---- Original message ----
>Date: Sat, 23 Sep 2006 07:50:22 EDT
>Subject: [teacherartexchange] Input wanted on "blue clouds", are they common in other parts of the country?
>To: "TeacherArtExchange Discussion Group" <firstname.lastname@example.org>
> I hope some of the list members can help me with this. When I first
>began teaching (k-8) here twenty years ago I noticed that almost all of my
>students would color their clouds blue and leave the sky white. It is a low-income
>area so my first thought was that first grade teachers encouraged children to
>color that way to preserve the blue crayons, but years passed, crayons were
>plentiful and still the blue clouds persisted. Often I would ask: "Why are the
>clouds blue?" the response: "Because that's what color clouds are." I would
>say "look outside, what color are the clouds?", they answer "White." So I ask
>why they color them blue and the usual response is "I donno, they're just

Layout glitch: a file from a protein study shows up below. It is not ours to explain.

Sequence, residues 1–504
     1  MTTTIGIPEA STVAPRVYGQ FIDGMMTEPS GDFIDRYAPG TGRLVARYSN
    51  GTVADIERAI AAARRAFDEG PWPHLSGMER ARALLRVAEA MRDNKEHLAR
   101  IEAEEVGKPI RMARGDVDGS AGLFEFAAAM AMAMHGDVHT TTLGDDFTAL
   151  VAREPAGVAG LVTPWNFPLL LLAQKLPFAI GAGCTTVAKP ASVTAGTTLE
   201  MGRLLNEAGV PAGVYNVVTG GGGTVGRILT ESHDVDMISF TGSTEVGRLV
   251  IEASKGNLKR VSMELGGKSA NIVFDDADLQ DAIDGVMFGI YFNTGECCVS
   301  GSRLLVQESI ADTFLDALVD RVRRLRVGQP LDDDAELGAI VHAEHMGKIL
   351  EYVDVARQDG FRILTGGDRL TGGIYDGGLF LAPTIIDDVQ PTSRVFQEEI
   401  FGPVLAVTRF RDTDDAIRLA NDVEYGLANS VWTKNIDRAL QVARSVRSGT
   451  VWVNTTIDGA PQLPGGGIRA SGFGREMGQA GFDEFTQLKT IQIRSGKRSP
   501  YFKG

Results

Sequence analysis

>supposed to be blue."
> I have worked in schools in various parts of the country, but don't
>recall noticing a lot of blue clouds. I grew up about sixty miles from here and
>have no memory of them as a student or teacher there. I can remember my
>kindergarten teacher showing me how to draw fluffy white clouds in a blue sky. Is
>this just a local thing? If so, do any of you see it in your areas? How would
>you handle it?
> I usually insist that my students color the entire page so the clouds
>either disappear when they color the sky blue or they color the sky a different
>color (which is fine and sometimes striking) but after these many years I am
>still wondering...and last week my granddaughter came home from kindergarten
>with a picture of our house and (you guessed it) blue clouds. I asked her why
>the clouds were blue, the response "because that's what color you are supposed
>to color clouds!"
> Any thoughts or comments are welcome. This is like the sun in the
>corner, is that typical all over the world or just in this country?
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